Finally, in Part IV, I outline two possible elements of a resolution to the problems the hand off creates, either of which would establish a qualified disclosure obligation that enables nondisclosure in certain exigent circumstances, upon specific judicial approval. Although I do not propose a polished solution, my discussion of these elements of a possible solution emphasizes the importance of striking an appropriate balance between the need for midstream prosecutions and the threat to privacy that broad and unscrutinized covert investigation powers create.


    The core elements of the hand-off procedure are (1) an initial investigation; (2) communication from the initial investigators to some different law enforcement unit that involves, at the very least, a tip on where to look for criminal activity; and (3) a subsequent investigation conducted by the unit receiving the information. The procedure is specifically designed to "wall off" the prior investigation from the subsequent one, enabling law enforcement authorities to bring midstream criminal prosecutions during a covert investigation without revealing the existence of the covert investigation to courts, to the individuals prosecuted after the hand off, or to other individuals who remain the targets of the ongoing pre-hand-off investigation. (3)

    The procedure obviously benefits law enforcement and society's interest in the successful investigation and prosecution of crimes. Large criminal investigations, especially in the context of sophisticated drug trafficking networks or organized crime more generally, routinely rely on extended covert investigations that may include confidential informants, undercover police officers, communications surveillance in the form of wiretaps (4) and/or pen registers, (5) and myriad other covert investigatory techniques. Many of these practices are highly resource intensive, and in order to be effective they must be carried out without the knowledge of the targets of the investigation.

    Investigators engaged in a long-term, resource-intensive investigation who become aware of specific instances of imminent criminal behavior that are ancillary to their main objectives have a legitimate interest in being able to thwart that behavior, especially if it is immediately threatening to public safety, without revealing the existence of the ongoing investigation. Without the hand off, they would be forced to choose between allowing potentially dangerous criminal conduct to proceed unabated while building a case against higher-level or more dangerous criminals, or averting an immediate instance of criminal activity at the cost of allowing the broader criminal enterprise to discover the covert investigation and presumably avoid prosecution, at least for some time. The hand off is designed and supported as a means of avoiding this dilemma by enabling midstream prosecution of the immediate crime without revealing the existence of the ongoing investigation. As we shall see, however, a procedure that gives the government unconstrained power to hide part of its investigation from courts and defendants presents society with a new dilemma because the added benefit in terms of law enforcement comes at a potentially serious cost to privacy. (6)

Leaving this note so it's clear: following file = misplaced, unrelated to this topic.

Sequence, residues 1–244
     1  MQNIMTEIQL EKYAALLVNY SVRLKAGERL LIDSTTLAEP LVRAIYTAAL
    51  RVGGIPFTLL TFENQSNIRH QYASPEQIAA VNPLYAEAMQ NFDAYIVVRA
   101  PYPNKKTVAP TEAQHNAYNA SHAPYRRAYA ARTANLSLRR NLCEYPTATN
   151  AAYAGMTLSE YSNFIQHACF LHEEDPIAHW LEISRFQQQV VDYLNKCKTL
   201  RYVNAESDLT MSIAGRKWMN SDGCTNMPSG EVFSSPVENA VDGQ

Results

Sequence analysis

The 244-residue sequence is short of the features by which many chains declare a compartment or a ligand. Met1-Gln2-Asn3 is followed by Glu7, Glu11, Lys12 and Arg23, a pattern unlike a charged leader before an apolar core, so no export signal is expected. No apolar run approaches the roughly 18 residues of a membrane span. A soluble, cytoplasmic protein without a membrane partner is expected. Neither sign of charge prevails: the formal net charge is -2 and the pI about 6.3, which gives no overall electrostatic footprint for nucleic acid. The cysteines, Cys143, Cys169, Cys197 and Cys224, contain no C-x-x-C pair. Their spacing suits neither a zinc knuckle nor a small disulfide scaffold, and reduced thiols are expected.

1. Example of a Hand Off: United States v. Man Nei Lui

      A typical hand off occurred during a recent United States-led, international investigation into drug trafficking, codenamed Operation Sweet Tooth. (7) Operation Sweet Tooth lasted twenty-four months, ranged over twelve separate judicial districts in the United States, and culminated in 291 arrests and the execution of ninety-eight search warrants both in the United States and Canada, yielding 931,300 tablets of MDMA ("Ecstasy"), 1,777 pounds of marijuana, and $7.75 million in United States assets. (8) As part of this investigation, Drug Enforcement Administration (DEA) agents obtained a wiretap on a private cellular telephone belonging to a man named Eric Zi Ping Lei in San Francisco on March 30, 2005. (9) On April 23, 2005, approximately six and one-half months before the international takedown in Operation Sweet Tooth, (10) information obtained in the March 30, 2005, wiretap led federal investigators to believe that a man named Man Ning Tao was in possession of several ounces of cocaine in a certain car on the streets of San Francisco. Not wanting to reveal the existence of the ongoing federal investigation, but hoping to prevent this cocaine from reaching end users, the federal investigators asked a San Francisco Police Department (SFPD) officer to conduct a "wall stop" on Man Ning Tao's car, in order to '"wall[] off' the federal presence from the target and ... make the target believe that any subsequent seizure of contraband from his vehicle was merely fortuitous." (ll) SFPD officers conducted the wall stop after observing a broken taillight. (12) They obtained consent to search the car and discovered six ounces of cocaine. (13) The occupants of the car, Man Ning Tao and another man, Man Nei Lui, were charged...